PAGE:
Scientists from DTU, together with DONG Energy, Maersk Oil and Geo decided to establish the NEXTOIL project, supported by the Højteknologifonden. NEXTOIL stand for “New Extreme Oil and Gas in the North Sea”, and the ambition is to establish new knowledge, in order to make it possible to produce at high pressure and high temperature conditions. This unique know-how also applies beyond the Danish borders. The project has a total budget of 34 million kr., and the project will run from 2013-2015.
Greater depths and higher pressure.
The challenge with the large depth is that the pressure reaches 1.000 atm or more, and the temperature is at least 160 degrees Celsius. Therefore, it is a very costly and complicated task to produce the oil, which up until today has been deemed either very difficult or impossible. The ambition for the project is to supply new knowledge and to develop new models, which will contribute in making it possible to safely produce oil and gas at high temperature and pressure conditions.
“We are thrilled about the support we have received from the Højteknologifonden and the industry with this authorisation. In addition to the opportunity to strengthen the Danish economy considerably in the many years to follow, the NEXTOIL initiative will achieve know-how within secure High Pressure – High Temperature extraction. We gain a strong facility, which will be central in the global development within oil- and gas extraction in the years to come,” states Professor Erling Stenby, Head of Centre for Energy resources (CERE) at DTU.
The pressure in the oil reservoirs, deep below the surface, is more than 1.000 atm. The pressure in an average garden hose is two atm.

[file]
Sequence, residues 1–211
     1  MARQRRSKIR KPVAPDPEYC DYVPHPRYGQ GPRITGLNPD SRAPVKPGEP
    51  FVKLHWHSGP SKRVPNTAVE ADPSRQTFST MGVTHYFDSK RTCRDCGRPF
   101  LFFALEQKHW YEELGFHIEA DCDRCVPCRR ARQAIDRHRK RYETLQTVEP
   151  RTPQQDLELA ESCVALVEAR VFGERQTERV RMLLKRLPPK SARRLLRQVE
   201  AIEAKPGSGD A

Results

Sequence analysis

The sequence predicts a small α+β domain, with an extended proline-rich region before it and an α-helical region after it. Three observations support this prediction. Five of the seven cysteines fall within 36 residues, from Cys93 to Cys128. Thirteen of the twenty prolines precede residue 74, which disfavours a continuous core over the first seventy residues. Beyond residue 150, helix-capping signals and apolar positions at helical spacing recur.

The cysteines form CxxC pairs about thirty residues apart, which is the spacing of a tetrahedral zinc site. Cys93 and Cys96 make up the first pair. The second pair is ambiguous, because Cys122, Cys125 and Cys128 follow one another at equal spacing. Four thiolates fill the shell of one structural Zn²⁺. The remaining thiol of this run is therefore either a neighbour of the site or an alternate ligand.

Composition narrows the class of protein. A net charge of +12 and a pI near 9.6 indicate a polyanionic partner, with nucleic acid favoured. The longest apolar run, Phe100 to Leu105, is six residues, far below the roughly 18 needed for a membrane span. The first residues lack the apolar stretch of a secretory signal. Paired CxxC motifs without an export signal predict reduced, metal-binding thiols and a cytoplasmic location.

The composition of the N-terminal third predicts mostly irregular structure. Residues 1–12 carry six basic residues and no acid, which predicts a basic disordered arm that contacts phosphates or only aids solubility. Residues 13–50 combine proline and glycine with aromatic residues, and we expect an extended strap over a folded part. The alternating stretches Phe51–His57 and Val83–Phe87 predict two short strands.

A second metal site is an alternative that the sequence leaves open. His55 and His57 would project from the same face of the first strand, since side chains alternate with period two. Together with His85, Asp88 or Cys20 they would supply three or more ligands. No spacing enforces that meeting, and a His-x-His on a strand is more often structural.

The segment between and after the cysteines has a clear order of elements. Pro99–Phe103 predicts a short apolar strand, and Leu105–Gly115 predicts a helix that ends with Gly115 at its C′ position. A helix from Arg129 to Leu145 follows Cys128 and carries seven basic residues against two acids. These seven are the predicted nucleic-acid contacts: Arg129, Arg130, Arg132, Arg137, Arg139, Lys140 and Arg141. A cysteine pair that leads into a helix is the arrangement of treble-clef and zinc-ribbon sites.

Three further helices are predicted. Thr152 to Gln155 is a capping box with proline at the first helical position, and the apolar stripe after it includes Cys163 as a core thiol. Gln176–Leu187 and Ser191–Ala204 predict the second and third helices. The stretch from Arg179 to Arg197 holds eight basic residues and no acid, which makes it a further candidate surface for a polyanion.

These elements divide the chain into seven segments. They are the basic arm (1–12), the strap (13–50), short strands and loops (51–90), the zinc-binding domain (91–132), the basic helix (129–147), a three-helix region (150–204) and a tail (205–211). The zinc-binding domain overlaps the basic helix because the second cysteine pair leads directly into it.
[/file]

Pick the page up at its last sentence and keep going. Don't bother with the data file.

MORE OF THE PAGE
Did you know that oil is found in chalk? A chalk sample contains between 30-50 % oil.
Did you know that Geo handles core specimens in all sizes? The core specimens may range from 1 cm in diameter up to 1 meter.
In Geo’s laboratory, we perform advanced strength and deformation tests on chalk with loads up to 25 ton. In comparison, this is a load similar to the weight of 223.214 iPhones.
In Geo’s laboratory, we test core specimens from 2-3 kilometres below the surface, by exposing them to temperature up to 200 degrees Celsius. This is crucial in order to examine the rock at realistic reservoir conditions.
Geo’s contribution to the project is to build and test equipment for experiments, which is able to test limestone samples at extreme pressure (1.000 atm) and high temperatures (>200 degrees Celsius). At conditions as extreme as these, the Limestone behaves significantly different compared to ambient temperature, and to this day, there exist very few data and very few laboratories able to test at these conditions. In order to plan, drill and produce cost-effective and safely from oil wells in large depth, it is of crucial importance to have good data.
Subsurface Team leader Morten Stage from Maersk Oil emphasise the societal and environmental benefits from the new project:
“The North Sea is still rich in resources, and we now have to address the oil- and gas deposits, with are harder to produce. This research project can provide a substantial contribution to the safety of the environment, our people in the production and the surrounding societies, in order to safely and efficiently extract the remaining oil.“